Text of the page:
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Oil prices edge up buoyed by expectations of strong fuel demand from US

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Oil prices edged up in Asia on Tuesday, extending gains from the previous session, buoyed by expectations of strong fuel demand from the U.S. during the summer and ahead of an output policy decision from OPEC+ at a June 2 meeting.

July Brent crude rose 6 cents to $83.16 a barrel by 0608 GMT. The more-active August futures rose 5 cents to $82.93.

U.S. West Texas Intermediate (WTI) crude futures for July were at $78.80 a barrel, up $1.08, or 1.39%, from Friday’s close, having traded through a U.S. holiday to mark Memorial Day without a settlement.

Oil prices rose over 1% on Monday in muted trade owing to public holidays in Britain and the United States after a downbeat week characterised by the outlook for higher-for-longer U.S. interest rates in the face of sticky inflation.

Expectations of strong fuel demand with the start of the U.S. summer driving and vacation season provided price support, some analysts said.

Despite the general view that elevated interest rates could result in softer oil demand growth, “real-time mobility data indicates oil demand growth is still broadly healthy,” said UBS analyst Giovanni Staunovo in a client note.

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On the air travel front, U.S. seat numbers on domestic flights for May rose by 5% month-on-month and almost 6% year-on-year to slightly above 90 million, data from flight analytics firm OAG showed, surpassing 2019 levels.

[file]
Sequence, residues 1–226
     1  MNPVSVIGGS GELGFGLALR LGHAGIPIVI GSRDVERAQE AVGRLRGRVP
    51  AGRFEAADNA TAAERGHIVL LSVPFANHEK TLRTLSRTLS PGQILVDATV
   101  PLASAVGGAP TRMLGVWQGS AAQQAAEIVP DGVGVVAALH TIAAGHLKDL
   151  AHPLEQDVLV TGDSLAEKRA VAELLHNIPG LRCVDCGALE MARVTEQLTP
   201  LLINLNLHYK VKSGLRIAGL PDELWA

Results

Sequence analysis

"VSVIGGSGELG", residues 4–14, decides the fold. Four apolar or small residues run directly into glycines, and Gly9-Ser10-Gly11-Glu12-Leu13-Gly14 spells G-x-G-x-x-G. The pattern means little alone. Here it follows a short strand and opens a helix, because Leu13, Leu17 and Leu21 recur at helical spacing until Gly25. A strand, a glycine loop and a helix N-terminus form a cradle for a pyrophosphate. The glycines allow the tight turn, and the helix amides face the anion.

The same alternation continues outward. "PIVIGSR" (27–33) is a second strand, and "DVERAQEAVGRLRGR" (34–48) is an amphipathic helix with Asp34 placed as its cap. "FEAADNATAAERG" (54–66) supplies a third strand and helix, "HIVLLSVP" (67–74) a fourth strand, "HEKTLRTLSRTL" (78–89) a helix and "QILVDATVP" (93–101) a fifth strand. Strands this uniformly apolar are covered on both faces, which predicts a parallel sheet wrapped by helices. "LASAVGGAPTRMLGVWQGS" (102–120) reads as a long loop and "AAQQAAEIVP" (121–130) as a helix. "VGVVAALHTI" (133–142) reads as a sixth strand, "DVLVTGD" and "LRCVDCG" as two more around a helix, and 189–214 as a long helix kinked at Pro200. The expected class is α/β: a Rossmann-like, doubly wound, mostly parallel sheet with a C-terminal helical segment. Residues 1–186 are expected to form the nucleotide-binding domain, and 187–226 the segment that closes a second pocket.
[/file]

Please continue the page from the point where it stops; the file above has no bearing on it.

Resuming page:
International flight seat numbers for May rose by 11% year-on-year to around 14.2 million, with the levels also 8% higher than the same period in 2019, the data added.

Meanwhile, all eyes will also be on the upcoming online meeting of the OPEC+ on Sunday, where traders and analysts are expecting production cuts to stay in place and buoy prices further.

“We expect oil prices to move higher in the coming days due to anticipated continued voluntary output cuts by oil producers and growing prospects for easing U.S. monetary policy,” said Satoru Yoshida, a commodity analyst with Rakuten Securities.

Yoshida added that the beginning of the U.S. driving season will also provide support.

Earlier, three sources from OPEC+ countries said an extension of voluntary output cuts of 2.2 million barrels per day into the second half of the year was likely.

Lending further support to prices was a bullish demand expectation from China after Beijing set up its third planned state-backed investment fund to boost its semiconductor industry.

“Another positive driver for oil is an indirect external demand loop from China as more stimulus measures are being announced to support the local semiconductor industry by setting up a $47.5 billion chip fund (Big Fund III), the highest funded amount versus the previous two phases as part of the National Integrated Circuit Industry Investment Fund,” said OANDA senior market analyst Kelvin Wong.

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